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from the earth by magic. If their characters were not formed by physical influences only, there must have been in the porduction of them some intellectual and moral
What was that process? This question, which to us appears both interesting and important, we do not undertake to answer. It covers a field of investigation by far too extensive for our present limits. But in the belief that much is to be learned from antiquity, we propose to point out some of the characteristics of republican education as it existed in Greece and Rome. All men, it is said, are in some sense educated. But that only is appropriately called education by which, in the training of the body or the mind, some permanent effect is produced by design. With an occasional reference to the Spartan system, as furnishing the best specimen of the comparative roughness of the Doric race, we shall refer in what
say of the Greek education chiefly to Athens; because more is known of the Athenian education than of any other which existed among the ancients, and because intellectual education was carried at Athens to a perfection which has been seldom equalled.
One of the first things that strikes the inquirer into the practical education of the Greeks is the commanding position of the state. The idea of the state stood out among the nations of antiquity with far greater prominence than in modern times. With the ancients, the community was every thing and the individual nothing. Private happiness was of no account, and must be sacrificed to the smallest public benefit. For the state the child was born, for the state ihe man must live, and therefore the youth was to be educated for and by the state. We see this preponderating influence of the state illustrated in the most striking manner at Lacedæmon. It was not the man, but the Spartan, that filled the eye of the educator in the institution of the system which has immortalized Lycurgus. That famous law-giver aimed not at the development of the noble faculties of the human being, but at the formation of the useful qualities of the citizen. By meagre fare and rigid discipline he hardened the bodies of the youth, and by certain moral influences, skilfully applied, he strengthened ihe virtues of courage, self-government, patient endurance, and self-consecration to the welfare of the state. The result of his system was, that those hardy qualities of body and of mind which would be of greatest service to a nation of warriors, were cultivated to an unnatural extent, while the intellect was suffered to lie dormant, and all the finer feelings of our nature were neglected or crushed. The idea of personal rights was not developed, and private education was prohibited. It was not without some show of reason that the enemies of the Spartans maintained that there was nothing surprising in the willingness of that people to die for their country, since with them life was a condition of intolerable hardship. But at Athens a milder spirit reigned. There the Ionic softness breathed its humanizing influence. No partition of lands or other attempts at community of property there suppressed the principle of individuality. No system of commons annihilated the refining and restraining influences of domestic life, and no moral machinery acting in precisely the same manner on all minds cast them as nearly as possible in one mould. Yet the principle that the child belonged to the state, and that the state was responsible for its education, was admitted and acted on. And it is worthy of particular remark that the first use which the state made of its power in relation to the offspring of its citizens was to extend the benefits of education 10 the whole body of the free born youth.* By the laws of Solon,f every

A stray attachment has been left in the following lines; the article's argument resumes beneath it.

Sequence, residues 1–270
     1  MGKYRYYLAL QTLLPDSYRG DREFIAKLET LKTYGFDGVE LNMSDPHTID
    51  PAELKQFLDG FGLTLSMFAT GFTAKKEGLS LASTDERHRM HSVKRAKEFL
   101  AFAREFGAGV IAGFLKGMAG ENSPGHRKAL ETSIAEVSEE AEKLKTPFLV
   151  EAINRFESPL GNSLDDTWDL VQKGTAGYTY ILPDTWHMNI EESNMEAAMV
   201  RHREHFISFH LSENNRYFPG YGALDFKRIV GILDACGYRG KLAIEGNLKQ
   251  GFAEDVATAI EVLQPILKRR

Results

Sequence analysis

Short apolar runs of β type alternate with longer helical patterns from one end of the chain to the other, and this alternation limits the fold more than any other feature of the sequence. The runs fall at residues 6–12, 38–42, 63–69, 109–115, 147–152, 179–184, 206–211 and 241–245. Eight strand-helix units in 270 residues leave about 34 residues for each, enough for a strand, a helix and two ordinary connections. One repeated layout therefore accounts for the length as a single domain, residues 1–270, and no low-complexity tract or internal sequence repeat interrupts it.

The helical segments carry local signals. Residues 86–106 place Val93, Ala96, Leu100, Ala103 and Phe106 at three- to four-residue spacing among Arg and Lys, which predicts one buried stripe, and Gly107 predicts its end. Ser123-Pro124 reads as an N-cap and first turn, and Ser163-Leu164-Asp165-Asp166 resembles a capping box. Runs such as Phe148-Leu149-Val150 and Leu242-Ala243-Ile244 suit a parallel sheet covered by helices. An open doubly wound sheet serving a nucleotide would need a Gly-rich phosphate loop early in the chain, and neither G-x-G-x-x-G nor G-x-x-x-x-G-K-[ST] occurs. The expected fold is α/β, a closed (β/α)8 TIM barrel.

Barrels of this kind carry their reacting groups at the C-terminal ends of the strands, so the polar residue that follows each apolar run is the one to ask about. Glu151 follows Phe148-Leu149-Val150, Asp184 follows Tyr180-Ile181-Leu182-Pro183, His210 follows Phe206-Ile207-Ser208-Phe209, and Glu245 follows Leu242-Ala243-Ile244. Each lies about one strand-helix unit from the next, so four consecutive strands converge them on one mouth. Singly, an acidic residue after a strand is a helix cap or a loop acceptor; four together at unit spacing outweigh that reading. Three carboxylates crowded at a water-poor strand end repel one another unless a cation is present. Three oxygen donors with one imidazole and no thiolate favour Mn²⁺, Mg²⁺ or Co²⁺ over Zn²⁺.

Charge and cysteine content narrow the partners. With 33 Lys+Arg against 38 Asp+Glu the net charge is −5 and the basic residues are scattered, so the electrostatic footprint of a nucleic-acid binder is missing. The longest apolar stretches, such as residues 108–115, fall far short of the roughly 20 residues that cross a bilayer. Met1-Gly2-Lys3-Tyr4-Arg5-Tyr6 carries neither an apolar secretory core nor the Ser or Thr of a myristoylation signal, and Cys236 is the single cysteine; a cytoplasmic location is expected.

* Since it was required by law that all the boys should learn to read, it cannot be otherwise imagined than that the state made also provision for this purpose ; although on this point there is much uncertainty in regard to the way in which the matter was arranged.”—Schwarız Erziehungslehre I: 369.
"Solon left it just as little as Minos and Lycurgus to parents, how they should educate their children ; but he constrained fathers, by laws, whose execution he committed to the members of the Areopagus, to give their sons an education suited to their rank and property.”—Meiners Geschichte der Wissenschaften II : 59.
“For the awakening of intellectual activity and the moral education of the young citizens, an influence was especially exerted by the celebrated law giver of Athens, Solon : he, and even at an earlier period Draco, directed their whole attention above all things to sobriety (w porówn) and modest deportment (soxoquia) on the part of the youth, and marked out with entire aceuracy what the free boys and young men should learn, and how they should be educated."- Cramers Geschichte der Erziehung, I: 233.
father was bound to teach his son at least to read and to swim, and the parent who had not done as much as this for his children had in old age no claim on them for support. Writing was learned at the same time with reading,* and to be ignorant of letters was a mark of the greatest disgrace. A man who was in this condition was regarded as wholly unworthy of the privileges of citizenship, and was branded with the ignominious epithet of "barbarian.”+ In regard to education the relation of Attica 10 Greece was very similar to that of New England in respect to the states of our confederacy. The intellectual superiority of the Athenians, however, was far more decided and striking than is that of New England. Athens was the school house of Greece. As the youth of New England now spread then selves through the country as teachers, so once the young men of Athens taught their less cultivated countrymen. So common was it to engage in teaching, that when a man had been long missing the proverbial expression was, “He is either dead or turned schoolmaster.” The universal extent of education at Athens is indicated by a fact which occurred at one of the darkest periods in the history of that city. “In the time of the Peloponnessian war, Euripides was the favorite poet, not only in Greece but also in Sicily ; hence many Athenian soldiers, after the unfortunate defeat in Sicily, were able to save their lives and improve their condition only by reciting to their masters the verses of Euripides. Besides, among those who were condemned to labor in the stone-quarries, the inore cultivated were set at liberty by the Syracusan youth. How much intelligence and how much cultivation prevailed at that period among the common soldiers of the Allienians, we see not merely in this instance of the acquaintance of many with the tragedies of Euripides, but also in the fact that not a few of them were able to support themselves by instruction. I